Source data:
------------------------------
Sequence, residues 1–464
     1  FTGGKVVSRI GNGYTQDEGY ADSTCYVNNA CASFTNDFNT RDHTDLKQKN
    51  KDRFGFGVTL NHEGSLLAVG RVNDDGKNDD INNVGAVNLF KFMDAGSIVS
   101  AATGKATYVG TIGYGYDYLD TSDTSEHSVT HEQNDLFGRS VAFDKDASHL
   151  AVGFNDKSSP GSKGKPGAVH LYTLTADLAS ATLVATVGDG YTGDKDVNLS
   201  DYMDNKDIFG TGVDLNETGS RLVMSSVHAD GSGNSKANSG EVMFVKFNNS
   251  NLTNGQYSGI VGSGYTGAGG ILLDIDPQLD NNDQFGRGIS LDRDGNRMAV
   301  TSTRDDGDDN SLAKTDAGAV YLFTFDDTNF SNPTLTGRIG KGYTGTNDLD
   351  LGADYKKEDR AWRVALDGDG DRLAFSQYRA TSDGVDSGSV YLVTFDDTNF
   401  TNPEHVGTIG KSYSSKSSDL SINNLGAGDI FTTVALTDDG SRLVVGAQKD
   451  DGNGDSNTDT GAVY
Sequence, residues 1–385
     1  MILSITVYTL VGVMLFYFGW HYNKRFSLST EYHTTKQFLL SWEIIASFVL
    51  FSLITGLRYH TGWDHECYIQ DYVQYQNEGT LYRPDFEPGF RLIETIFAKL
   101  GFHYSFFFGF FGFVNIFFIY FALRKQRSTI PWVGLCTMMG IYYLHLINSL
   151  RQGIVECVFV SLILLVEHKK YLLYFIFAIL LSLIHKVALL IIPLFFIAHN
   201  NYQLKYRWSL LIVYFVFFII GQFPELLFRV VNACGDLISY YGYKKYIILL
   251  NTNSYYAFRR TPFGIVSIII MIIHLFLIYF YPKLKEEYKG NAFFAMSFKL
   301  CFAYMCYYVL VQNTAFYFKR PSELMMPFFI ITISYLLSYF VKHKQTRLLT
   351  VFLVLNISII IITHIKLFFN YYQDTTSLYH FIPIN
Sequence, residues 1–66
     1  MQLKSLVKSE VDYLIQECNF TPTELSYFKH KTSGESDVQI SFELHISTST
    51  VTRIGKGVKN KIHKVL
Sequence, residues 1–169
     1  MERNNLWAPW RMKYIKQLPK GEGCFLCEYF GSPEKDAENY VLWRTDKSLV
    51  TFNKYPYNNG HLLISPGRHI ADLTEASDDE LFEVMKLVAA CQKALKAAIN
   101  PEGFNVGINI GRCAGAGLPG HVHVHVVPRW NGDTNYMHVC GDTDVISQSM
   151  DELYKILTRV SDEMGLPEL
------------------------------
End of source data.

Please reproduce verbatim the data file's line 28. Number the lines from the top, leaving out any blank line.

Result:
   151  DELYKILTRV SDEMGLPEL